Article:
One thing is for sure: if you receive a medical bill, you MUST review it in detail or risk overpaying for those services. This isn’t an easy task. Most medical bills are confusing, lacking necessary details for you to ensure their accuracy. Resist the temptation to either pay them immediately or throw them in a pile of your things “to do” at some point in the future. Here are a few steps to help you take control of your medical expenses.
Step One: Be sure the bill is itemized to show the individual procedures performed
If the bill you receive doesn’t detail the services provided by each individual 5-digit procedure code, you need to call the facility and request an itemized bill. This is the only way you can confirm that you have only been billed for services that you actually received. Ask to have a hold placed on your account until you have a chance to receive and review that itemization. This way you will borrow some time before having to pay the bill and reduce the risk that you will get sent to collections for non-payment.
Step Two: Compare the itemized bill to the explanation of benefits (EOB) from your insurer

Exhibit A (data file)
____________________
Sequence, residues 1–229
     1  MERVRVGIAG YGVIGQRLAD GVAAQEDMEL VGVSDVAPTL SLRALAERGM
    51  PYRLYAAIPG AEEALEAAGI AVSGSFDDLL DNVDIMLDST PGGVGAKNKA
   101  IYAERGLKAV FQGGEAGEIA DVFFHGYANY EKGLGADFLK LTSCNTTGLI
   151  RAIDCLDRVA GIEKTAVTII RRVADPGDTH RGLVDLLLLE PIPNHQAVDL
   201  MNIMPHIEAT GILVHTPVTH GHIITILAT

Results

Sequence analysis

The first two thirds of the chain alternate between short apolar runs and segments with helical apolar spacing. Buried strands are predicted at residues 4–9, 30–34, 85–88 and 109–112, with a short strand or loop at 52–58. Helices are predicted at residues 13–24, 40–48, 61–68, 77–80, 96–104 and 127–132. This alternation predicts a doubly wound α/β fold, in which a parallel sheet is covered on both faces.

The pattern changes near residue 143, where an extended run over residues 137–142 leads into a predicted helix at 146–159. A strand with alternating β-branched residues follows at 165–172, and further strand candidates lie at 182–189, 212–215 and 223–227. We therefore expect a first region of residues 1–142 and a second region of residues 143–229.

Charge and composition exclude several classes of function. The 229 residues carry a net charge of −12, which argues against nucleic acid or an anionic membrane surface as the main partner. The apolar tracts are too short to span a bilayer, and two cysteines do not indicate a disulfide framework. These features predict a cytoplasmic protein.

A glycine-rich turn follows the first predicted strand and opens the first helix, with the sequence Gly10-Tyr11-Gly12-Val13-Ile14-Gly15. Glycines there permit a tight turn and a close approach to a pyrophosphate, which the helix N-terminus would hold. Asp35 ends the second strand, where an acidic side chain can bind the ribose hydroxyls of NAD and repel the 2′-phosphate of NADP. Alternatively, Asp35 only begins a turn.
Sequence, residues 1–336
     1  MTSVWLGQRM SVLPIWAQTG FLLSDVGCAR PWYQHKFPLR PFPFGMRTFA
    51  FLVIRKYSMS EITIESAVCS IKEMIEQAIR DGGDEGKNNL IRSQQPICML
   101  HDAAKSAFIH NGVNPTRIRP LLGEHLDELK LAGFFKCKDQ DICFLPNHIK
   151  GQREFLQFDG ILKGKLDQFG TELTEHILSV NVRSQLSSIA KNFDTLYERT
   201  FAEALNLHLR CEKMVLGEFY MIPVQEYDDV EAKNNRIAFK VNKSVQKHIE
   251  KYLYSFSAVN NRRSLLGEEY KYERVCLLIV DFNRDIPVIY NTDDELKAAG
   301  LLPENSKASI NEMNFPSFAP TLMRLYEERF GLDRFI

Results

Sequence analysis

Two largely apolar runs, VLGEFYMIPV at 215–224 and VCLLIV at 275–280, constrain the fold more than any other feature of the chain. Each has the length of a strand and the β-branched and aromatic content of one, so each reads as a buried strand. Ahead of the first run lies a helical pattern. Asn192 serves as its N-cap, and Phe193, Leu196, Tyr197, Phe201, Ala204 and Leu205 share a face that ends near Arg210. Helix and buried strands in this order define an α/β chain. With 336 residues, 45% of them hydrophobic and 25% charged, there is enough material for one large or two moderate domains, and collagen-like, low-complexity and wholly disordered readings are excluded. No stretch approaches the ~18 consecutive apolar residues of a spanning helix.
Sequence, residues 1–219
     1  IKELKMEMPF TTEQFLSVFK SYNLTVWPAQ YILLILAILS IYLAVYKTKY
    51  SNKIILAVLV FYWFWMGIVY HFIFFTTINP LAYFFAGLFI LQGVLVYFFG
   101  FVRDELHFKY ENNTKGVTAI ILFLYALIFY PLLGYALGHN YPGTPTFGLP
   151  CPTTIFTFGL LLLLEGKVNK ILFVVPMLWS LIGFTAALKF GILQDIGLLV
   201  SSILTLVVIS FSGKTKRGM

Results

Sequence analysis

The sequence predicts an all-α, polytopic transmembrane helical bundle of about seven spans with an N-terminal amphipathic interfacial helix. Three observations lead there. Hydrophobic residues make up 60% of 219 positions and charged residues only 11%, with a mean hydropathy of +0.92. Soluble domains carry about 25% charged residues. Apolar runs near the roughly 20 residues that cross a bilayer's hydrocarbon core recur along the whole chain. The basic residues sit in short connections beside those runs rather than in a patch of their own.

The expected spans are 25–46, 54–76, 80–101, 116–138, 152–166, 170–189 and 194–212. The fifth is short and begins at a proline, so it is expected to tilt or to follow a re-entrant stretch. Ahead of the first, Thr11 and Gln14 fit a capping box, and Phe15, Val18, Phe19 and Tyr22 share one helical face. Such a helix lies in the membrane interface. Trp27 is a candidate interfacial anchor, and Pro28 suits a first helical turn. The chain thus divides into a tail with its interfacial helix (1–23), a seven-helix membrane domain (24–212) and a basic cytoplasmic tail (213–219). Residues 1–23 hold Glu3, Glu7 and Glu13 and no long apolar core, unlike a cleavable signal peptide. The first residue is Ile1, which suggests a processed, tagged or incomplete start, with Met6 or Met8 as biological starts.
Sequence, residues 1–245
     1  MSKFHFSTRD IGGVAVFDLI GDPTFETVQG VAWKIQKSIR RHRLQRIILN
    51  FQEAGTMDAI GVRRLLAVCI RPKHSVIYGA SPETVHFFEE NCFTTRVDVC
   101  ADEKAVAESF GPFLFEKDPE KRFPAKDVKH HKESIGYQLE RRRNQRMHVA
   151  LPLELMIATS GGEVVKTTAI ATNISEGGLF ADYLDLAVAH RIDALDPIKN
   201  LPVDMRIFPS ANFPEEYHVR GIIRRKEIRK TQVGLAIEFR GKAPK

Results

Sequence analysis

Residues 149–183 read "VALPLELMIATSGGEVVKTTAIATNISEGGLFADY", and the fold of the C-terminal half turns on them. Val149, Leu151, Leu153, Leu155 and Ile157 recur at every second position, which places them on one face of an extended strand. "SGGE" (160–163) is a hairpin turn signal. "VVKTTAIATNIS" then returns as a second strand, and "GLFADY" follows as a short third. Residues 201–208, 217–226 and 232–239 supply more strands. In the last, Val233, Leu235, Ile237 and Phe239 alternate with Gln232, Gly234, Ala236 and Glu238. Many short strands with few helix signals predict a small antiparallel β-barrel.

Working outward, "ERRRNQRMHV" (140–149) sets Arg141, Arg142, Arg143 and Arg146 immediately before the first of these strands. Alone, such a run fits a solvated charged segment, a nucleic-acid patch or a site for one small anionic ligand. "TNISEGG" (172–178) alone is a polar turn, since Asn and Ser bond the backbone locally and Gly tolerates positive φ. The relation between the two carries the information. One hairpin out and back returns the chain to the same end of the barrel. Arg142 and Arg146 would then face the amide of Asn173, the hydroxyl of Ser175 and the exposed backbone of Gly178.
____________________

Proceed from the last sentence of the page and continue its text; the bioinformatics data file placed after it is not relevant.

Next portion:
Step One lets you confirm that the correct services were billed. This step enables you to review how your insurance company processed those services. You should be able to match up each procedure code on the bill to the same code on the EOB. There you will see the billed amount, the amount allowed to be covered by your policy, and any balances to be paid by you. There should be notations that explain why a procedure was or wasn’t covered as well as how these charges were applied to your deductible, coinsurances, or copays.
Step Three: If something doesn’t make sense, you need to question it and dispute the charge
If you were charged for a service you didn’t receive, you need to call the provider and point that out. They should submit a corrected claim so that this charge is removed. If services weren’t covered by your insurance, and there is no explanation as to why, you need to call your insurance company and have them explain how they processed the services on this claim. Don’t stop asking questions until you are satisfied with the answers. If necessary, ask for a supervisor who can better address your questions. Now is not the time to be shy: it is your right to receive accurate and complete answers to your questions.
Step Four: If the charges are correct and the bill is still high, negotiate
It’s always worth asking if a provider would be willing to reduce a bill by your making immediate payment in full. Many will reduce their fees when asked, while others will insist on being paid the full amount billed. If you don’t ask you can be certain that the bill won’t be reduced. Often good things come to those who ask.